Researchers from both the Texas Biomedical Research Institute and the University of Texas Health Science Center at San Antonio are collaborating along with an international group of scientists in a wide-ranging study on drug resistance to the treatment of Schistosomiasis, a parasitic disease that afflicts over 187 million people in South America, Africa, and Asia. The study, which was led by Texas Biomed’s Tim Anderson Ph.D., and Philip LoVerde Ph.D., from the University of Texas Health Science Center at San Antonio, has revealed that specific genetic mutations result in drug resistance in treating and killing the blog fluke parasite responsible for the disease, a revelation that could positively impact treatment options and drug development.
Claudia Valentim, Ph.D., the primary author of the report and who worked at both institutions, noted that, “This is a major advance,” and explained that, “we were able to identify the critical gene by crossing resistant and sensitive worms in the laboratory and then analyzing the genomes of the progeny. This method is commonly used for fruit flies and other laboratory organisms, but has not previously been possible for schistosome parasites,” according to a Texas Biomed press release.
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Dr. Anderson also noted how the rise of genome sequencing and the critical role that it played in the study’s findings demonstrates its key role in the future of researching, treating, and curing diseases: “This really shows the utility of genome sequencing. The schistosome genome was sequenced in 2009. Without the sequence, the work would have been painfully slow.”
The data and findings from the study, which was funded by the National Institutes of Health (NIH), as well as the WHO and the Wellcome Trust and the Robert A. Welch Foundation is set to debut today in the November 21 online edition of Science.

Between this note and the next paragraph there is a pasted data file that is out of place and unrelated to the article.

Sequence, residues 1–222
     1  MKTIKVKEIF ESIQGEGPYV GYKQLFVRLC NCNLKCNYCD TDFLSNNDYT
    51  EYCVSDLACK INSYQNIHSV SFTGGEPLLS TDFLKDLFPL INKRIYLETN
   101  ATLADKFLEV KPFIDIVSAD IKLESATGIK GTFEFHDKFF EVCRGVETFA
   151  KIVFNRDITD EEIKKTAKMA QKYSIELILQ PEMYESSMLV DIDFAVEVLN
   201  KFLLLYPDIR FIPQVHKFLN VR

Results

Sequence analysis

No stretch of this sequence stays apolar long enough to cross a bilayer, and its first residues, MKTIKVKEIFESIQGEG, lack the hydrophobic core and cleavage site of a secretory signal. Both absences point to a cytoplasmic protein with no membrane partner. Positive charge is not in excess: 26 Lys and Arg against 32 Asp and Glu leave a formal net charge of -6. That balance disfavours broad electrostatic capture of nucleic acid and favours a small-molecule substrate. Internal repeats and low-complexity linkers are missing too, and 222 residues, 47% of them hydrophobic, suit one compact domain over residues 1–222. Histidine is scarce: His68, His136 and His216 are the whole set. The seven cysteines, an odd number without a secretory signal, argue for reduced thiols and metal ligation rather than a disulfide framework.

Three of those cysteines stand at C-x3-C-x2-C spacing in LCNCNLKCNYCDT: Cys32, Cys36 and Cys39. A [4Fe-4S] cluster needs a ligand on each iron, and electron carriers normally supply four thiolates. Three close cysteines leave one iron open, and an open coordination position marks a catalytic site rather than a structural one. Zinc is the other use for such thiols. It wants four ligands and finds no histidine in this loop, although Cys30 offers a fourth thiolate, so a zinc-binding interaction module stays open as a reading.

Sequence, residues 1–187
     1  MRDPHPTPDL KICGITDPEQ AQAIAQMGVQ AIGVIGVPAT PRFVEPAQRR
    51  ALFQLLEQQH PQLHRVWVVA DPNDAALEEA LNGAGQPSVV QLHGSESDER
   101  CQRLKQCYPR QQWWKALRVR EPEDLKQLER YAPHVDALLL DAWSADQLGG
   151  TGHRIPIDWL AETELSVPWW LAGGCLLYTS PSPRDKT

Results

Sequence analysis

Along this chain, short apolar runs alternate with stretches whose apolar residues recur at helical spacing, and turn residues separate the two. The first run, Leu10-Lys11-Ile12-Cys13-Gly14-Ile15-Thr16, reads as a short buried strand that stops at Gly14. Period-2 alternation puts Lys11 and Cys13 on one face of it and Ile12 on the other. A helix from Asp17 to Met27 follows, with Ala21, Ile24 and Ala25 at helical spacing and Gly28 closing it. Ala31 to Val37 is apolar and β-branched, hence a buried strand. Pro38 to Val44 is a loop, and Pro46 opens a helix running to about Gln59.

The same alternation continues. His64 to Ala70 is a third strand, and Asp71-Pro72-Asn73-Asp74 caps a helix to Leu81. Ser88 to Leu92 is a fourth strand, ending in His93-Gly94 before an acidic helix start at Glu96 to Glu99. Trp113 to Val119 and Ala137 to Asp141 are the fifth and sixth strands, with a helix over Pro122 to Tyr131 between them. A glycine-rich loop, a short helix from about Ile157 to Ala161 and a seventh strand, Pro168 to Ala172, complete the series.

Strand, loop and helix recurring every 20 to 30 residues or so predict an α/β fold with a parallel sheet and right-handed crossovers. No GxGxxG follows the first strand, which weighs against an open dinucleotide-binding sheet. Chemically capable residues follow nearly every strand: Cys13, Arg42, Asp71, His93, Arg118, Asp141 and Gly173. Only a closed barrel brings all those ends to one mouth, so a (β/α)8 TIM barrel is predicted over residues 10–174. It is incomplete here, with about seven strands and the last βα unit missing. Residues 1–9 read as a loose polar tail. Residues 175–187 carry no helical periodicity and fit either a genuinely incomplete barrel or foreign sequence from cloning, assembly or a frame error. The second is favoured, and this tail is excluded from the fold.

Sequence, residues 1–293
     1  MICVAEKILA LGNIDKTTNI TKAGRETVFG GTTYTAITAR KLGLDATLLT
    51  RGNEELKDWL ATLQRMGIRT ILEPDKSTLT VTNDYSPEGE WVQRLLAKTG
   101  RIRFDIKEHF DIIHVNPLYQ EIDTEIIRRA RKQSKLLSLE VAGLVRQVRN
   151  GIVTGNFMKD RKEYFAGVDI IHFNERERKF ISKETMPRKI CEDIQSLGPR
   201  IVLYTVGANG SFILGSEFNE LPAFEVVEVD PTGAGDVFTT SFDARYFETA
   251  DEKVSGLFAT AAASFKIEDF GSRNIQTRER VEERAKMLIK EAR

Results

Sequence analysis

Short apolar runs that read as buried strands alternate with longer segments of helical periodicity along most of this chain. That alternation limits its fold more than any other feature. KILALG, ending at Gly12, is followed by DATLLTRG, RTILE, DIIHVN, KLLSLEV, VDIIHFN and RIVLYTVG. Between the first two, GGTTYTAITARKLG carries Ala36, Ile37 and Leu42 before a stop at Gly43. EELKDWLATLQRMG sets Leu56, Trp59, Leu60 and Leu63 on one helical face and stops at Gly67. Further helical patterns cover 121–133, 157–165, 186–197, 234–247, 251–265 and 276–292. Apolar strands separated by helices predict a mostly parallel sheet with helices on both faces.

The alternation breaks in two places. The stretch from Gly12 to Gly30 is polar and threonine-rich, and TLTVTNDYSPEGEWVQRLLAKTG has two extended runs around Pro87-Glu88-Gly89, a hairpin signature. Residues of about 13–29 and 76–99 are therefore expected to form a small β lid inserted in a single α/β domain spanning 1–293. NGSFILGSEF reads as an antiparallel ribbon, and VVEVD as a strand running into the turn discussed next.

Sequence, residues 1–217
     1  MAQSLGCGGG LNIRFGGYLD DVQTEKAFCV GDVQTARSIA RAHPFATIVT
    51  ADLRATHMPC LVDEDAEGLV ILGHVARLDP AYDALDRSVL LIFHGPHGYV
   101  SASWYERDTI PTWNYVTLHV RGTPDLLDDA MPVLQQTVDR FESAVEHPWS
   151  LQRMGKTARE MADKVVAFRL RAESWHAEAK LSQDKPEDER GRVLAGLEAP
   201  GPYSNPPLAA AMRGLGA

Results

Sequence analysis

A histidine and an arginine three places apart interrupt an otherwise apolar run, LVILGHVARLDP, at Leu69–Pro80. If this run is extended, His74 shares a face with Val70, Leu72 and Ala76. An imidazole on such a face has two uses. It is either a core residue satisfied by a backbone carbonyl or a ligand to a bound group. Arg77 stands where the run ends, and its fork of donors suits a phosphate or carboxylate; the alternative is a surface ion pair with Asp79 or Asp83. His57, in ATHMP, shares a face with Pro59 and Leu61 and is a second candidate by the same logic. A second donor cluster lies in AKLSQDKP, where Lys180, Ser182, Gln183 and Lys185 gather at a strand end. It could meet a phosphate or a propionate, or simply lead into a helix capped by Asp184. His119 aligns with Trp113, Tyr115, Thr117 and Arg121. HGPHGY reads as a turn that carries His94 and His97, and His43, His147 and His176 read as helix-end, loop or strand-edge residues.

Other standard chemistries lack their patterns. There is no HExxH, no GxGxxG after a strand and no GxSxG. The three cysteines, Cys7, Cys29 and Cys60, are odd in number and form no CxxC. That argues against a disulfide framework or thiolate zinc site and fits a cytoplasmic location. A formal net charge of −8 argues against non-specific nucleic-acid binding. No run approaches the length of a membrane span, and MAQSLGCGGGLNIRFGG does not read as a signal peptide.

The Schistosomiasis Scourge
Like so many other neglected tropical diseases that affect a substantial portion of the world populace and yet continues to be largely unaddressed by the medical community, a viable understanding of Schistosomiasis and how to effectively treat it still remains elusive, with researchers in constant need of fresh funding for their research efforts. While perhaps not a common household disease, Schistosome, according to Dr. LoVerde, affects so many people and is the cause of so many unreported deaths, that there is still no definitive number for Schistosome-related fatalities. We don’t know the death toll from these parasites,” says LoVerde, “but our best estimate is that more than 200,000 people die every year from this infection in Africa alone, making this parasitic disease second only to malaria in terms of mortality.”
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Because no vaccine currently exists for the disease, Schistosomiasis can only be controlled in infected patients using drug treatment, reinfection occurs frequently, due to contact with untreated water supplies in the developing world where the intermediate snail hosts of the parasite live. Drug treatment options, however, are limited, and bear mediocre results.
The recent study focused primarily on the drug oxamniquine, a frequently used treatment option that only kills one of the three species of schistosome parasite. In order for a drug like oxamniquine to be truly effective in treating Schistosomiasis, researchers are looking to attenuate the drug so that it kills all three of the parasite species. John Hart, Ph.D., a key collaborator on this study from the Health Science Center, explains: “By using X-ray crystallography and computational methods we were able to precisely pinpoint how the drug interacts with the critical protein in one Schistosome species, and to identify the key differences in this protein in the related parasite species. With some targeted chemical modification, we think it will be possible to make a drug that kills both major schistosome species. This is what we are working on now.”
Oxamniquine is the only viable drug that currently treats schistosomiasis, and in addition to its limited function in killing the parasite species, healthcare providers report drug resistance as well. The findings of the study offer hope for developing new, alternative treatments for schistosomiasis in the near future.
Co-authors on the paper were from Britain, Italy and the University of Texas at San Antonio. They included Frédéric Chevalier, Ph.D., and Marcio Almeida, Ph.D., of Texas Biomed; and Alex Taylor, Ph.D. and Xiaohang Cao, M.D. of the Health Science Center.
This research was supported by NIH grants 5R21-AI096277, 5R21-AI072704, R01-AI097576.